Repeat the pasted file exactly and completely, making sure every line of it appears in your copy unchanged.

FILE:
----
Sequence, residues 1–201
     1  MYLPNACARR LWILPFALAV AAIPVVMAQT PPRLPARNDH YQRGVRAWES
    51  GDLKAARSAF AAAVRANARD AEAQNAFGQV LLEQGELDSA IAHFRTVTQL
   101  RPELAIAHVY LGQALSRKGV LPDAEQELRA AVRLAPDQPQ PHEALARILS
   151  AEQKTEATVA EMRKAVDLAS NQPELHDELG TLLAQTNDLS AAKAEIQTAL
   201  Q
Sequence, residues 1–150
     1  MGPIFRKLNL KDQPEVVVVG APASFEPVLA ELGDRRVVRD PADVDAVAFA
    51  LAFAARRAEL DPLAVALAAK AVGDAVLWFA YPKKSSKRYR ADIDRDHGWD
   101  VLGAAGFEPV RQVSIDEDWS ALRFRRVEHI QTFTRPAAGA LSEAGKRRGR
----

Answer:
Sequence, residues 1–201
     1  MYLPNACARR LWILPFALAV AAIPVVMAQT PPRLPARNDH YQRGVRAWES
    51  GDLKAARSAF AAAVRANARD AEAQNAFGQV LLEQGELDSA IAHFRTVTQL
   101  RPELAIAHVY LGQALSRKGV LPDAEQELRA AVRLAPDQPQ PHEALARILS
   151  AEQKTEATVA EMRKAVDLAS NQPELHDELG TLLAQTNDLS AAKAEIQTAL
   201  Q
Sequence, residues 1–150
     1  MGPIFRKLNL KDQPEVVVVG APASFEPVLA ELGDRRVVRD PADVDAVAFA
    51  LAFAARRAEL DPLAVALAAK AVGDAVLWFA YPKKSSKRYR ADIDRDHGWD
   101  VLGAAGFEPV RQVSIDEDWS ALRFRRVEHI QTFTRPAAGA LSEAGKRRGR